Case-only Cancer Clustering for Mobile Populations

Period of Performance: 08/01/2008 - 07/31/2009


Phase 1 SBIR

Recipient Firm

Principal Investigator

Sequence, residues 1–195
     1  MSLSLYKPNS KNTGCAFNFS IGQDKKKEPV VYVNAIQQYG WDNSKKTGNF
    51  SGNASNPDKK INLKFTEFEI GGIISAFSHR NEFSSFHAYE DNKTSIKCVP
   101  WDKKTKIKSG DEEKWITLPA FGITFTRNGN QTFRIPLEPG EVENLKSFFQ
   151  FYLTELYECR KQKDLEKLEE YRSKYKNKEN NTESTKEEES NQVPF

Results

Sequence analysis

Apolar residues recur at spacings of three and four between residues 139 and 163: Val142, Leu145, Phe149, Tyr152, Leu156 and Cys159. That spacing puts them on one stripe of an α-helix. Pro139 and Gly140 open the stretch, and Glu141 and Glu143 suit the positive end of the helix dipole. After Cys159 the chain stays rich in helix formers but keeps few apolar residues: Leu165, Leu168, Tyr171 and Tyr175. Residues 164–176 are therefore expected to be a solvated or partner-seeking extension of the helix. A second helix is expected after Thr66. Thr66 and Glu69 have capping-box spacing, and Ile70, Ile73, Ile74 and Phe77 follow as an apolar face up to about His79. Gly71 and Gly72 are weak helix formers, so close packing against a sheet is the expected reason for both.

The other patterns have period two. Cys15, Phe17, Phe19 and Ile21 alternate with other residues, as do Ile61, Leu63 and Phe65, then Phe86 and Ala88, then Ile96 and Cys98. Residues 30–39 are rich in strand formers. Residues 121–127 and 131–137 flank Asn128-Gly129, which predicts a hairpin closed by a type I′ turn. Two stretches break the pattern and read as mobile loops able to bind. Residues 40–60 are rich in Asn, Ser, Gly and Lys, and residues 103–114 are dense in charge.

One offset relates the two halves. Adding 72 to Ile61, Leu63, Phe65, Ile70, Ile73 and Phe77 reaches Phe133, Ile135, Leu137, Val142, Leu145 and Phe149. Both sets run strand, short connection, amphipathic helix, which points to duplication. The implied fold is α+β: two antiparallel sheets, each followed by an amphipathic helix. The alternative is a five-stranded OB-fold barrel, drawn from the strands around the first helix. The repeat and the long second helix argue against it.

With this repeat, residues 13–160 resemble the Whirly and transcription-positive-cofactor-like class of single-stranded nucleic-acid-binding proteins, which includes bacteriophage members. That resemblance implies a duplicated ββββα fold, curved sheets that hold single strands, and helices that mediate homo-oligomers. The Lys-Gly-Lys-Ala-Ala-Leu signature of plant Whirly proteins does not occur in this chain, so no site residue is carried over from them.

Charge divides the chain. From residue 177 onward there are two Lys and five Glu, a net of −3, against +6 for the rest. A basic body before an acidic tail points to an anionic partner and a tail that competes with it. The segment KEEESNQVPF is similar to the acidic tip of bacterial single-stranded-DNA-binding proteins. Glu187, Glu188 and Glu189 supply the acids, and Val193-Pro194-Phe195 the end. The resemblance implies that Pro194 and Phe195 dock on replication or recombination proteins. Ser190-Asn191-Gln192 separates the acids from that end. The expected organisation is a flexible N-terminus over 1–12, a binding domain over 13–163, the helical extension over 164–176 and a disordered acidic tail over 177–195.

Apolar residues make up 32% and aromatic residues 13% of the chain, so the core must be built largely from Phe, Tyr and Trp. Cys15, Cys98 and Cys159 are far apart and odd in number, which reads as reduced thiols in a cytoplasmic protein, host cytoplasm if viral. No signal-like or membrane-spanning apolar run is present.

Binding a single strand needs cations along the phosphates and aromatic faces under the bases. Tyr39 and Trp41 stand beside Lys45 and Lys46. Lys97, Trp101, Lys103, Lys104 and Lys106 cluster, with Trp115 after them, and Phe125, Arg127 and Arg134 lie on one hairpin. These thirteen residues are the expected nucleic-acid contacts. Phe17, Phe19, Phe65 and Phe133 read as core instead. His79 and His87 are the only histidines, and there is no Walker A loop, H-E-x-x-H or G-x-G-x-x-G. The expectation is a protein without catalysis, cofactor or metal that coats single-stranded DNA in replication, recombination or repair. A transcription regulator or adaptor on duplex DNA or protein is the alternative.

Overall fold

DESCRIPTION (provided by applicant): Space-time interaction in cancer cases arises when nearby cases occur at about the same time, and may be attributable to an infectious etiology or from exposures that cause a geographically localized increase in risk. But available techniques for detecting interaction do not account for residential mobility, nor do they evaluate sensitivity to induction and latency periods. This is an important problem for cancer, where latencies of a decade or more occur. Preliminary research evaluated the statistical behavior of the methods using simulated data to assess type I (false positives) and type II (false negatives) error, and applied the methods to 374 cases from an ongoing study of bladder cancer in 11 counties in southeastern Michigan. These preliminary studies demonstrated the ability of the methods to localize space-time interaction at the individual-level, and to accurately estimate the latency and induction periods used in the simulations. This project will build on these preliminary results to formally evaluate the feasibility of the new clustering techniques that account for residential mobility, latency and induction periods, relevant covariates (such as age) and risk factors (such as smoking). The Aims of the Phase I research are to: Aim 1. Create prototype software for visualization of residential mobility, calculation of the new clustering techniques, and visualization of the results. Aim 2. Evaluate the impacts of geocoding error on the new interaction statistics. Aim 3. Further validate the methods in an applied setting using the complete dataset from the study of bladder cancer in Michigan. This will use the additional information on cancer risk available from the case-control study to further validate the inferences drawn using the new case-only methods. Aim 4. Assess the availability of residential mobility data for routine use by cancer registries and cancer control professionals. In Phase II we will fully develop the software, establish educational tools targeting public health professionals, and conduct a series of training workshops to quickly disseminate knowledge and tools. PUBLIC HEALTH RELEVANCE: Residential history data are increasingly available, raising the possibility of routine surveillance in cancer registries and by cancer control professionals in a manner that accounts for individual mobility and that incorporates models of cancer latency and induction. These new techniques provide a mechanism for identifying those geographic locations and times associated with increases in cancer risk above and beyond that expected given covariates and risk factors in geographically mobile populations. The scientific and technologic innovations from this research are expected to revolutionize our ability to make sound cancer surveillance and control decisions based on an accurate understanding of space-time cancer incidence and mortality patterns, and premised on plausible cancer induction and latency periods.